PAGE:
concerning scenarios, and that would be highly disruptive. we also know, as we look back at the crisis, let's be blunt. the circumstances and behaviors that led to the crisis were stupid. the underwriting was atrocious. the behaviors were awful. he benefit of behindside sight -- of hindsight would kuwait of course that was atrocious. now here's something -- more stupet behavior could trigger a crisis. >> can i make a commept? it is somewhat related to that. one of the issues that bothers me a lot is when i suggest we simplify the system, that's subtive, too, but the fact that we need more regulation more spferings for these institutions bothers me because if you had a simpler system and it could be supervised more directly, i think we could actually think about at least having fewer
regulations. at would be, i think, very beneficial to the growth of the economy. simply adding more and more regulation and having them look more and more like utilities stead of private intermediaries that produce outcomes that are growing the g.d.p. rather than constraining it. >> that's a conversation we could go into for a very long time, but we have someone patiently waiting. >> 20 years ago we had 14,000 banks in the u.s. now we have about 8,000. is there an optimal anybody? and the alternative, 20 years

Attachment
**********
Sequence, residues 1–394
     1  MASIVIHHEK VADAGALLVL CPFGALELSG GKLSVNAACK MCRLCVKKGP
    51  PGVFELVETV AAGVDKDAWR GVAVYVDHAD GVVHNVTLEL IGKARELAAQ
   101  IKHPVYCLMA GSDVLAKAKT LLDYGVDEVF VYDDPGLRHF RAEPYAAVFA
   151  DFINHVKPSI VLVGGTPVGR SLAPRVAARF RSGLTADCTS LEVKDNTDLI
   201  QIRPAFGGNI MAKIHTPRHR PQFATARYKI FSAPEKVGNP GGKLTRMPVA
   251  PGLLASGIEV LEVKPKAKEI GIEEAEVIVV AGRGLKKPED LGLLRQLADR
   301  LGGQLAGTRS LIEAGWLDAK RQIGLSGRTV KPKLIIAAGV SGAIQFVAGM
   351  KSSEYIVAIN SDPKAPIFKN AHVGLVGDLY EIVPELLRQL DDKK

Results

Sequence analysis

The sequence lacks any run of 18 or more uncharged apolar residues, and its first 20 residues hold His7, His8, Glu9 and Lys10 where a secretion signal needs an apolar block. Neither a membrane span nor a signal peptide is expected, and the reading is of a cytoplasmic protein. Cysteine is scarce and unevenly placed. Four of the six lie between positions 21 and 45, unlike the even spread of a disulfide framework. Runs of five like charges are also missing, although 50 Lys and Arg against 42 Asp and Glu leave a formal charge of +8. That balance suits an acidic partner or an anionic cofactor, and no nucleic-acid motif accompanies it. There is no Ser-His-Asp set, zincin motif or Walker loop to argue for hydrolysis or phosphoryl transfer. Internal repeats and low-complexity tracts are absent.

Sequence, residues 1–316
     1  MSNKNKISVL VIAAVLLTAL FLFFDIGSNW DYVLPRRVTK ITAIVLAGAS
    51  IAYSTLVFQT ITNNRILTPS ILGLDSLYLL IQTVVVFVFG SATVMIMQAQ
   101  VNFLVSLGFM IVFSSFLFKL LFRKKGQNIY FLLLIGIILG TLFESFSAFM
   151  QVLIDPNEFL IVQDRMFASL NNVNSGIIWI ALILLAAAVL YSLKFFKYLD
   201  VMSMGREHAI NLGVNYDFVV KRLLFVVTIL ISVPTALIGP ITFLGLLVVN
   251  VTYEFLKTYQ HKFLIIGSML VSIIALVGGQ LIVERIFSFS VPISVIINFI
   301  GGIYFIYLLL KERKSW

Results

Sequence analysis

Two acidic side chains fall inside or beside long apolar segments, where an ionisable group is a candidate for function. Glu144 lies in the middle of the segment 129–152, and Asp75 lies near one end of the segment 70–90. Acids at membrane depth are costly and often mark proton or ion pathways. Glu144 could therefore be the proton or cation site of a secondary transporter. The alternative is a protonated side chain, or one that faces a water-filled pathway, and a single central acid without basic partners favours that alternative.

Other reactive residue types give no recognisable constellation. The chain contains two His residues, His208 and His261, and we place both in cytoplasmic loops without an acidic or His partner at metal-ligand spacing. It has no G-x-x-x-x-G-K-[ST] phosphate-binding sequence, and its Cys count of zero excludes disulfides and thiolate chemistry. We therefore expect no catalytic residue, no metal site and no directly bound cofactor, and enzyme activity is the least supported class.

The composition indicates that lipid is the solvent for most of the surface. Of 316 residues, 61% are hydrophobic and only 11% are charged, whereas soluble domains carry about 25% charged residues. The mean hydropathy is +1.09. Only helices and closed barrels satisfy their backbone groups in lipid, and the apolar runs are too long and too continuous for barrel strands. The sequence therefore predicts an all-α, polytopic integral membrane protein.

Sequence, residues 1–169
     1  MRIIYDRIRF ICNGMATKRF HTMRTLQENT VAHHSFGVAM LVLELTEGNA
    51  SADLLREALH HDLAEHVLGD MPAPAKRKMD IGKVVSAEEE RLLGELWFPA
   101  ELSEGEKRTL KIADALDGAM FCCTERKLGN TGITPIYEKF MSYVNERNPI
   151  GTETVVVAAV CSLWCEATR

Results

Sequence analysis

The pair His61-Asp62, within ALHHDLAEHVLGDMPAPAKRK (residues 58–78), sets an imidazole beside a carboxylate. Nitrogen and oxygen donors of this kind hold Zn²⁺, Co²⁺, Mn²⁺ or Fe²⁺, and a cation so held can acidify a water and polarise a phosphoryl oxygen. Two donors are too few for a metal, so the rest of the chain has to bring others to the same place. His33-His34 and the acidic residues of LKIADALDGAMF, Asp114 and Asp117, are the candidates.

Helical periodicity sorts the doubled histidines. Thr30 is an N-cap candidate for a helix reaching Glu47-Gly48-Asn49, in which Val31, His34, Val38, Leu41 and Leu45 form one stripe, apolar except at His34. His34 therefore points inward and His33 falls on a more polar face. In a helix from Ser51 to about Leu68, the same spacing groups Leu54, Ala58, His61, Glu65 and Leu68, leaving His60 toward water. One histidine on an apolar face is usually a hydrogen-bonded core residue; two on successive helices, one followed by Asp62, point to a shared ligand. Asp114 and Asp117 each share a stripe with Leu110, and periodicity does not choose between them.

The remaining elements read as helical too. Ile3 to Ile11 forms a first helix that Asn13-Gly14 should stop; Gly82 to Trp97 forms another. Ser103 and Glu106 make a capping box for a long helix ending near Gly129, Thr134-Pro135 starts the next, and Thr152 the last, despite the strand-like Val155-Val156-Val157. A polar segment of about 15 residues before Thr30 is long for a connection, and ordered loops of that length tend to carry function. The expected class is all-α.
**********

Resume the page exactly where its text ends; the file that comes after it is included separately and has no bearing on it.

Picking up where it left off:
from now, how many do you think we will have? >> i don't know that there is an optimal number. i think it is important for our economy to have a robust number. what the point of over-capacity of nder-capacity of any sub segments are, i couldn't give you a number. i think we would be doing the country a great disservice if we didn't promote and encourage banking of all sizes across all geographies. >> i completely agree with that. i think the advantage of this , untry over the decades centuries perhaps, has been a decentralized banking system which allows it to serve the largest and smallest entrepreneur. i would like to see that continue on a level playing field. i don't know what the right number will turn out to be. it depends on economics, but it also depends on the regulatory structure and the advantages